But for the purpose of this easter egg, we’re saying it is actually Herbie himself chillin’ at the bottom of The Big Blue. And although his trademark stripes and number 54 are worn off by years under the sea, he looks like he is still ready for one last drive with Hank:

finding-dory-activity-book-003

So is the initial pass in the night with Dory and this chance meeting between Hank the septapus and Herbie the Love Bug really possible? Would they end up in the same part of the Ocean? Well, consider the following map:

nemo-trip-mapIn Finding Dory, she, along with Marlin and Nemo, once again leave the Great Barrier Reef and would again need to use the East Australian Current (EAC, dude) as a highway. This time they would need to travel across the entire Pacific Ocean to a point just off the North-West tip of Africa where the EAC completes its circle and heads back to Australia. From there, they would have to swim up to California where the Marine Life Institute is located, in a picturesque Bay.

Now in the film, it is claimed that they simply use the California Current to make the entire trip, but this current doesn’t start over near Australia. And… it also flows South, so it would be going the wrong way to carry our characters up to California. But hey, it’s a movie, so lighten up!

As mentioned earlier, the cruise ship The Sun Princess dumped Herbie somewhere between La Paz and Baja California. So Hank and Herbie could definitely end up in the same part of the Pacific Ocean, just off the coast of California.

Hypothesis: Proven! At least in my mind.

1957 Walt Disney’s Fantasia Soundtrack LP

And this is why I still own a record player. Every once in a while I stumble across something truly special. Although Fantasia (released in 1940) was a critical success it was a box office disappointment for Walt Disney. His dream of re-releasing the film with new segments wouldn’t be realized until the far-off year of 2000, and again with critical acclaim but limited box office returns.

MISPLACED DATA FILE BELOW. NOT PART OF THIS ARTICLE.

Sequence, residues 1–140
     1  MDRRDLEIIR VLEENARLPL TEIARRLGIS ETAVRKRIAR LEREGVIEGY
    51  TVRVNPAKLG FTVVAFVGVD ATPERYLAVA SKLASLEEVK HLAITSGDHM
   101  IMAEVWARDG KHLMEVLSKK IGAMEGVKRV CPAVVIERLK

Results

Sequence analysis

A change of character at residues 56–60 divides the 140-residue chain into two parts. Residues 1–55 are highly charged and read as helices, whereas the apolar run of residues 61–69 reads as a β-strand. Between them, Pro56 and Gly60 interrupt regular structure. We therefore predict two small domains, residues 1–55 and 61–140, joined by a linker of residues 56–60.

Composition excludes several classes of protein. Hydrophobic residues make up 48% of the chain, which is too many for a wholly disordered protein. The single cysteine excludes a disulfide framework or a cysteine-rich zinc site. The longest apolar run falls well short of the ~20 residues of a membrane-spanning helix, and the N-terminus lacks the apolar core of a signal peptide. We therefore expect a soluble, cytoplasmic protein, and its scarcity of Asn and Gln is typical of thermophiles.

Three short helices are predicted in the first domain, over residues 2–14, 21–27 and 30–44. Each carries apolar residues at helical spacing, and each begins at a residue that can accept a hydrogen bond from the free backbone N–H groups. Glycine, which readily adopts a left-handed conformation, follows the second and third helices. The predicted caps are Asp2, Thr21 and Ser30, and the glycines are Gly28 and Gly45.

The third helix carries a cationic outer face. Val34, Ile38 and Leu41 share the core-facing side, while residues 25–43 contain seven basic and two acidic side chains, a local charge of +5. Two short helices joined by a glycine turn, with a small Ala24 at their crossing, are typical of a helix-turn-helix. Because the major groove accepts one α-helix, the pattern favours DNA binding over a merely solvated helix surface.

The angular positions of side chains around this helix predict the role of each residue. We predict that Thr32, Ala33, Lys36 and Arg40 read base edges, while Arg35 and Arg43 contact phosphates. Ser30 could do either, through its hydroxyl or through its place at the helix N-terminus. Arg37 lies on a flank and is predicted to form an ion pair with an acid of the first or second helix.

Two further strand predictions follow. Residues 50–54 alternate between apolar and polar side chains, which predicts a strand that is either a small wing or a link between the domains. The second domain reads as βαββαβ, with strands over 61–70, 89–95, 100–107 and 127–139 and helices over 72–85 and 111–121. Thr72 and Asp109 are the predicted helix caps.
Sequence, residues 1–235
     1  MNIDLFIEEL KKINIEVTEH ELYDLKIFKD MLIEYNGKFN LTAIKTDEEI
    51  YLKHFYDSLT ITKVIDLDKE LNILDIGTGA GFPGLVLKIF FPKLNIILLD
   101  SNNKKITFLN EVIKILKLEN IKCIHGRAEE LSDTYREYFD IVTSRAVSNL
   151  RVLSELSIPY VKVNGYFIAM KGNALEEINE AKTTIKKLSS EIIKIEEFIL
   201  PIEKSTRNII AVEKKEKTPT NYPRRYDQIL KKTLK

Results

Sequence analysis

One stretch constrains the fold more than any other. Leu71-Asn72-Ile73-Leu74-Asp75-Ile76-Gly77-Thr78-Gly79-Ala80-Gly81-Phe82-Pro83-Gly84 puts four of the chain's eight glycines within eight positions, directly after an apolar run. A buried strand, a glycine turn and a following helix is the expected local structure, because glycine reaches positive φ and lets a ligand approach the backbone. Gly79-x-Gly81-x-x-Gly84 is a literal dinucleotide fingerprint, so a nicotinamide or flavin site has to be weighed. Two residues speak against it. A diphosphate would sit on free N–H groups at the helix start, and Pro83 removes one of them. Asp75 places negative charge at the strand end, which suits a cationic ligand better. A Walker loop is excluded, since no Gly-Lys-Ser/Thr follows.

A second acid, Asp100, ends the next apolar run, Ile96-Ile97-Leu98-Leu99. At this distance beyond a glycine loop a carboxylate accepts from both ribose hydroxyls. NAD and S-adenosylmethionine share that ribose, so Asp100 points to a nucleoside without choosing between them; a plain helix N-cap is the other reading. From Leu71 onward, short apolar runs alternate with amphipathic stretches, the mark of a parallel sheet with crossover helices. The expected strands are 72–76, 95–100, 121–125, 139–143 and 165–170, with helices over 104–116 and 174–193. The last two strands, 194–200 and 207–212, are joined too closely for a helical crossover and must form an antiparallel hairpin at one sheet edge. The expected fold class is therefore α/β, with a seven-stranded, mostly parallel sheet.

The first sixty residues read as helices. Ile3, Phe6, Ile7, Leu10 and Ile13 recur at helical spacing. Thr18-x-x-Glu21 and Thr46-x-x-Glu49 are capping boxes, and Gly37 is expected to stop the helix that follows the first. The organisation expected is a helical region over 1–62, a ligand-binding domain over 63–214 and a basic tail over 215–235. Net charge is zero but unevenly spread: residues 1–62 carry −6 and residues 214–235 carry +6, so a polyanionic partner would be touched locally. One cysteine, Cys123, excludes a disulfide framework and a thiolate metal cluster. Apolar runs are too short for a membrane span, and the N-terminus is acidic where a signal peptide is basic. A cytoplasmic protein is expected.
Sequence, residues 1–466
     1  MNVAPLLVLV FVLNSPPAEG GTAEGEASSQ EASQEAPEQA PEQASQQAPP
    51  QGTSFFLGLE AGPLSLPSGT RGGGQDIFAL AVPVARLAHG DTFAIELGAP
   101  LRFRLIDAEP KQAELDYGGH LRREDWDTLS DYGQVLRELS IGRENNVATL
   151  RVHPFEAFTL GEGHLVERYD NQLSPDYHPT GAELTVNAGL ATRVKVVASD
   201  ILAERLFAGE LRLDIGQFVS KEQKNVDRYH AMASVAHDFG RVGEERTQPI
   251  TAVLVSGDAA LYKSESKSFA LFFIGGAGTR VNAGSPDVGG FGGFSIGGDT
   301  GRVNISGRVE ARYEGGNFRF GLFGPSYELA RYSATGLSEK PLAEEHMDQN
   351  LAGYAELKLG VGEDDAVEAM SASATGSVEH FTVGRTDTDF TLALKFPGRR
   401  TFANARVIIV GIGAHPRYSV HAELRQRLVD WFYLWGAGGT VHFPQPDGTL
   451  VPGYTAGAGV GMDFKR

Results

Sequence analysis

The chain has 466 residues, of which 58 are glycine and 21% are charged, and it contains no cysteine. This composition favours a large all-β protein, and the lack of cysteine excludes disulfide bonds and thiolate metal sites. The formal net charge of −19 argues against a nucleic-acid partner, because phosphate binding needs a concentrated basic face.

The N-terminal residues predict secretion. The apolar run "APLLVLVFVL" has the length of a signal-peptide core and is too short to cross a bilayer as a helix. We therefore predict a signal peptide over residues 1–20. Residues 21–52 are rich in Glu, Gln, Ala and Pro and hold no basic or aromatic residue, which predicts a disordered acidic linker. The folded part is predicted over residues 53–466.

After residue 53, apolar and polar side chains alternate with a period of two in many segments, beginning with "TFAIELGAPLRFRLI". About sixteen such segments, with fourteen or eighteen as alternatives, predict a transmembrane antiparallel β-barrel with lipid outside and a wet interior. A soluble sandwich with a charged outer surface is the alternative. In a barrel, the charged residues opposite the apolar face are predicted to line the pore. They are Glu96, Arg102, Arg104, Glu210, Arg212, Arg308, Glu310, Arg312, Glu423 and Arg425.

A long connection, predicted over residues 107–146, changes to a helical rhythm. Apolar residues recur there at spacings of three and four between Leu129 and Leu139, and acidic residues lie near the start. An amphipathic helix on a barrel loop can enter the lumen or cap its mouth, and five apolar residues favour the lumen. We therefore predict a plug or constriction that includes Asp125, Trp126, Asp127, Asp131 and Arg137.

These facts in no way diminish this film’s historical and artistic significance! So when I found a mint condition copy of the soundtrack for Fantasia from 1957 I was ecstatic!

fantasia-lp-001

Album cover

Being as this LP was released 17 years after the movie I wondered if it was the original soundtrack or if there was one released earlier. Although Walt did want to release an earlier version, it never happened. So what I have found is the first soundtrack release for the film. Here is what Wikipedia has to say about the release history for Fantasia:

Disney considered releasing the film’s soundtrack around the time of the film’s roadshow release, but this idea was not realized. The soundtrack was first released as a mono three LP set and a stereo 8-track tape in sixteen countries by Disneyland and Buena Vista Records in 1957, containing the musical pieces without the narration. A stereo edition LP was issued by Buena Vista Records in 1961. Disney was required to obtain permission from Stokowski, who initially rejected its sale unless the Philadelphia Orchestra Association received a share of the royalties.
The Kostal recording was released on two CDs, two LPs and two audio cassettes by Buena Vista Records, in 1982.
In September 1990, the remastered Stokowski soundtrack was released on CD and audio cassette by Buena Vista Records. In the United States, it debuted the Billboard 200 chart at number 190, its peak position, for the week of November 17, 1990. Two months after its release, the album was certified gold by the Recording Industry Association of America (RIAA) for 500,000 copies sold in the United States. In January 1993, it was certified platinum for sales in excess of one million copies.
For the film’s 75th anniversary, the Stokowski and Kostal recordings were released on two LPs and four CDs as the fifth volume of the Walt Disney Records: The Legacy Collection. The set includes Stokowski’s recording of the deleted Clair de Lune segment, and a recording of The Sorcerer’s Apprentice and Peter and the Wolf with added narration by Sterling Holloway.

What really stands out about this LP are the notes and artwork. The packaging is basically a 26-page booklet with three vinyl records. Here are the inner pages:

fantasia-lp-015

The above pages outline the goal intended for the recording quality. It is worth a read if you care to enlarge the picture!

fantasia-lp-004

Both Walt and Leopold Stokowski make good arguments for why Fantasia was a worthwhile project. Again, it is worth a read!

fantasia-lp-005

fantasia-lp-006

fantasia-lp-007

fantasia-lp-008

fantasia-lp-009

fantasia-lp-010

fantasia-lp-011

fantasia-lp-012